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Discussion Starter · #1 · (Edited)

$25 Billion Auto Bailout may mean some RWD projects
will move forward at GM

When the President signed the $25 billion loan to the auto industry, it may have created a bit of breathing room for General Motors to pursue other important projects, even as they work to further develop batteries, HCCI, and other fuel-conscious technologies.

GMI sources are indicating that chief among these alternative projects is a possible renewed emphasis on the Alpha platform and an expansion of that program.

The GM Global Product Board is considering putting the next generation Commodore on the Alpha architecture. This follows a move earlier this year when the Global Product Board approved making Alpha more flexible. The hope is to engineer Alpha in such a way as to build a variety of vehicles ranging from the size of a 1-Series to around the size of a 5-Series.

In another rumored move, Global Product Board has taken development of Alpha from GM Holden and has given it to the GM North America and GM Europe operations. This was done to placate Cadillac, who does not want to compromise on Alpha's development for their planned BLS-replacement. What Cadillac hopes to achieve is to get a flexible enough platform to support 4, 6, or 8 cylinder engines, as was deemed necessary by the Wreath & Crest brand.

This may also hint that a premium version of the Alpha platform will eventually supplant the Sigma platform that current underpinns the Cadillac CTS when the vehicle is replaced in the 2012-2014 time frame. Originally, GM had intended to further develop a "premium version" of the Zeta architecture that would unify both Zeta and the much more expensive Sigma platform. These plans, apparently, have been shelved in favor of a wider utilization of the lighter Alpha platform.

To make the business case for such a move, GM needed to add scale and volume to the program -- which explains why the Commodore could possibly be included. If you look back to previous comments out of GM Holden in the last few years, their former Managing Director - Denny Mooney - stated that the Commodore would have to possibly shrink and be lightened to make it viable in the future. In fact, Mooney stated that Holden's focus may eventually shift to a smaller, lighter core product to remain competitive as world-wide energy demand is up.

This doesn't necessarily mean there won't be a large car the size of the Commodore at Holden, but whatever product emerges, it will not be the same formula we see today. And, it may also be supplemented with a smaller, mid-sized product as well. However, such a move may shift any future Alpha production from the Elizabeth, Australia plant to a possible U.S. plant.

But what does this mean for GM in North America? Its possible that if Alpha becomes the successful program GM hopes, that a new RWD Chevrolet Impala may eventually make it to market. This could potentially coincide with when the Pontiac G8 is projected to be dropped from the North American lineup around 2013 model year, or possibly earlier.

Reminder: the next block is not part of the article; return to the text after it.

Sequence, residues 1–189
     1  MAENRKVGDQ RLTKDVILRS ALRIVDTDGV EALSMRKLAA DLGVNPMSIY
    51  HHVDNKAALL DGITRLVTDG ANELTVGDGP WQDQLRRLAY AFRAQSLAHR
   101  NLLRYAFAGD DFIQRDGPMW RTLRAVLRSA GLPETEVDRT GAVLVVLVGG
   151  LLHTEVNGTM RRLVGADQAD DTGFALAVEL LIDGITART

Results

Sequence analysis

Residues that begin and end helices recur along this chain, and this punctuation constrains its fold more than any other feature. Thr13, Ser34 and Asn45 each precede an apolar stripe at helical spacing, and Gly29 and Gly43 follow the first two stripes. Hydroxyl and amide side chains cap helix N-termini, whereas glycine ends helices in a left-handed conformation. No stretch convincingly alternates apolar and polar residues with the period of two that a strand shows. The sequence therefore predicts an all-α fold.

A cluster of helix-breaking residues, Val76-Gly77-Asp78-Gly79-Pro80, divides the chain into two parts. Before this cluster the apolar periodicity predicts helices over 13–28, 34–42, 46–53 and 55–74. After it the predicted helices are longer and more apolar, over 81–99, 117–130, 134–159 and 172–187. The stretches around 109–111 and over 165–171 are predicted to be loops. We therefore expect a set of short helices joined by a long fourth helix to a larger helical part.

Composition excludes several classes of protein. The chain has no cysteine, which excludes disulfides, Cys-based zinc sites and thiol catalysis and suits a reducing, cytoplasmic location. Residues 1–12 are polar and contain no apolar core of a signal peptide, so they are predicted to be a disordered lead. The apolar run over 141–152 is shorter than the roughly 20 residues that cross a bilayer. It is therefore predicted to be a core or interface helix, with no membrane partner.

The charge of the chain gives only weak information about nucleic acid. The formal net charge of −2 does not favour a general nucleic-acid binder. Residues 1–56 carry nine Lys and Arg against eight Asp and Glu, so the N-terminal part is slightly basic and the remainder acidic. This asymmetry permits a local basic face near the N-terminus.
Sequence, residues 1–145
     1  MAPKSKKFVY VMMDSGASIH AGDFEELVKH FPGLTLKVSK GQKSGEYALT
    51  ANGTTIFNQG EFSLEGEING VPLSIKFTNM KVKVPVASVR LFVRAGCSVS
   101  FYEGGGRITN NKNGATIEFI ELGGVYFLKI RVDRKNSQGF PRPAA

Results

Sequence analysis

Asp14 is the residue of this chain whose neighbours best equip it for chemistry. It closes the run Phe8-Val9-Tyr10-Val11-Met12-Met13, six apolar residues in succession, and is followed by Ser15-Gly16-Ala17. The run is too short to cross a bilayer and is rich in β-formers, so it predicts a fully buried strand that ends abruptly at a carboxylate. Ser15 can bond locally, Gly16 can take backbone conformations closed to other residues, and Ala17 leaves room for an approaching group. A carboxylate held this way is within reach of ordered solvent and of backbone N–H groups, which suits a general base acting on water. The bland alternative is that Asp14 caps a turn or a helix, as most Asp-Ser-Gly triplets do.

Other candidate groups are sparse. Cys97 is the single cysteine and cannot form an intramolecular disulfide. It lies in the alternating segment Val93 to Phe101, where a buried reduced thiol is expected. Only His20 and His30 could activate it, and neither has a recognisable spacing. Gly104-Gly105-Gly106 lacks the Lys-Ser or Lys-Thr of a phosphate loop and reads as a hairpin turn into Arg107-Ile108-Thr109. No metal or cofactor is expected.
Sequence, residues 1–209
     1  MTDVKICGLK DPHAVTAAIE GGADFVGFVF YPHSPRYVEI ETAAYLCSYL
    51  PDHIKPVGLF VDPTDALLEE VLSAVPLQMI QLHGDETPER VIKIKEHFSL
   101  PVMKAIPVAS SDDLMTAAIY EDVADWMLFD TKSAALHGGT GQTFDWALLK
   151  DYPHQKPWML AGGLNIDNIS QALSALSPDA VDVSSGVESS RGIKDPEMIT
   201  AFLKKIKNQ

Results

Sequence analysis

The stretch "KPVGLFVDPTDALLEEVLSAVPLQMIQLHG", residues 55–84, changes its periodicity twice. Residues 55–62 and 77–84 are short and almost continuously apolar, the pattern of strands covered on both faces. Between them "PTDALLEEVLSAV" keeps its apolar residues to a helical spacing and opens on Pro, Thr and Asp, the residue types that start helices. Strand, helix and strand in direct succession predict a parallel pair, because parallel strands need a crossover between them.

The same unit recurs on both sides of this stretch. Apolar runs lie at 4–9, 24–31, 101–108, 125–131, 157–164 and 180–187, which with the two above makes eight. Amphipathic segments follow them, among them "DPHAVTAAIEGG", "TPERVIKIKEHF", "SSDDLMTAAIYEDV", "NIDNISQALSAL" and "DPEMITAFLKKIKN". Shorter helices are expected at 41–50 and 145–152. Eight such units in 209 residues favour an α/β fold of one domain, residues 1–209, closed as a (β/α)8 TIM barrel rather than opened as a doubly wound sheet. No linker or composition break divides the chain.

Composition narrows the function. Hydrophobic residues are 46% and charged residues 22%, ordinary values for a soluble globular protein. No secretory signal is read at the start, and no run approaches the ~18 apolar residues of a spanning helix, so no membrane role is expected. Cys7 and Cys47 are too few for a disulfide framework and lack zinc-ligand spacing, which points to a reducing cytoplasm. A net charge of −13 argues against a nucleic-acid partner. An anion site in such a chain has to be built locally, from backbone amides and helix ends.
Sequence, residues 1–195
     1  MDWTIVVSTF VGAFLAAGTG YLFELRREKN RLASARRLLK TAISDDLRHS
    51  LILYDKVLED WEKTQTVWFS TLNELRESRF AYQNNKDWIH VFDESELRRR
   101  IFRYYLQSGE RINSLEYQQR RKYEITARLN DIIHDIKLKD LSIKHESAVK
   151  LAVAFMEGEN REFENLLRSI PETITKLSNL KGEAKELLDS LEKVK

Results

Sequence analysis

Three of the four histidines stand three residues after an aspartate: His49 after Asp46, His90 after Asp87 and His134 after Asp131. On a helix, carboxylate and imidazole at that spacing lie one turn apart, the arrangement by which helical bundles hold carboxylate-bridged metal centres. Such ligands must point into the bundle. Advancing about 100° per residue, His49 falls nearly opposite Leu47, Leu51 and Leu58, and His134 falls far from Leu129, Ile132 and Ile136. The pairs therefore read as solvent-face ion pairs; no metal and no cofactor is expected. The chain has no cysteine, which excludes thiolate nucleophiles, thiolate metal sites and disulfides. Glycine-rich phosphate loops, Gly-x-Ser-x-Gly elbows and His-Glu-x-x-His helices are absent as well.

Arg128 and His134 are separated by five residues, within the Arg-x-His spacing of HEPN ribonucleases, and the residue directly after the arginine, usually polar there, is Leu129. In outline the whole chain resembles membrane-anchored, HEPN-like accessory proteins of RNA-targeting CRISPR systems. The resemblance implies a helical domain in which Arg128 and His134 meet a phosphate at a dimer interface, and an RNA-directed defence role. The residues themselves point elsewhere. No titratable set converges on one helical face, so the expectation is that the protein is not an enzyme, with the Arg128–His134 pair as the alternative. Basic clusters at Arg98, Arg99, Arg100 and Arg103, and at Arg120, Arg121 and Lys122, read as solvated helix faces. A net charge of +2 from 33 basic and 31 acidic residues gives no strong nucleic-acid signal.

Due to rising CAFE standards and added technology, the new Chevrolet Impala would have a major price increase over today's model. With sales of the new Malibu taking off, it is possible that GM will allow the near-indentical sized Malbu to carry the current FWD Impala's banner as well as its own. This would allow a larger price difference to refocus the Impala as a RWD product -- as it was originally intended until the recent CAFE hike shifted development plans to a FWD model.

It would also mean that the Camaro and G8 would become the last vehicles to use the Zeta platform for North America. Any future plans by the Global Product Board for Alpha would include the Camaro's replacement and a possible Buick-badged vehicle.

However, regardless of these revised plans, NO Alpha product will make it to the Poncho brand. Sadly, it seems any plans for a RWD Pontiac G6 are firmly dead.

At this time, this is what GMI has heard regarding GM's future Alpha plans. We will report more as new insider information becomes available.
 

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I literally laughed out loud when I read this headline.

Don't move up production of the U.S. Cruze.

Don't move up (and increase) production of BAS+.

Don't build a U.S. factory for production of a competitive Aveo replacement/Beat.

Don't invest in R&D to make direct injection affordable for every single car you sell.

Don't make a fuel efficient minivan to compete with the Odyssey and Caravan.

Don't start making the 1.4L turbo any sooner.

Don't replace ancient Buick models with fresh, efficient models being sold everywhere else.

No, instead, take $25,000,000,000 from U.S. tax payers and announce a new RWD platform for the Australian Commodore. Brilliant.
 

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An idea for the Alpha is to find a way to be flexible enough to include a range of small-cars with a wheelbase under 105" (I don't know if a Alpha platform could even get a smaller wb like 85-90") and 4-cyl engines and a stretched Alpha variant for mid-size or full-size cars.

And since GM do a joint-venture with Ford for the 6-speed FWD auto transmission. I wonder if they could study the possibility of building the Alpha platform in a joint-venture with another automaker?
 

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Well Holden already started the shrinking, the new Sportwagon is much shorter than the old stationwagon whihc was great for fleets but not so good as the family car. Holden also has the discussions about making the Commodore lighter/more fuel efficent.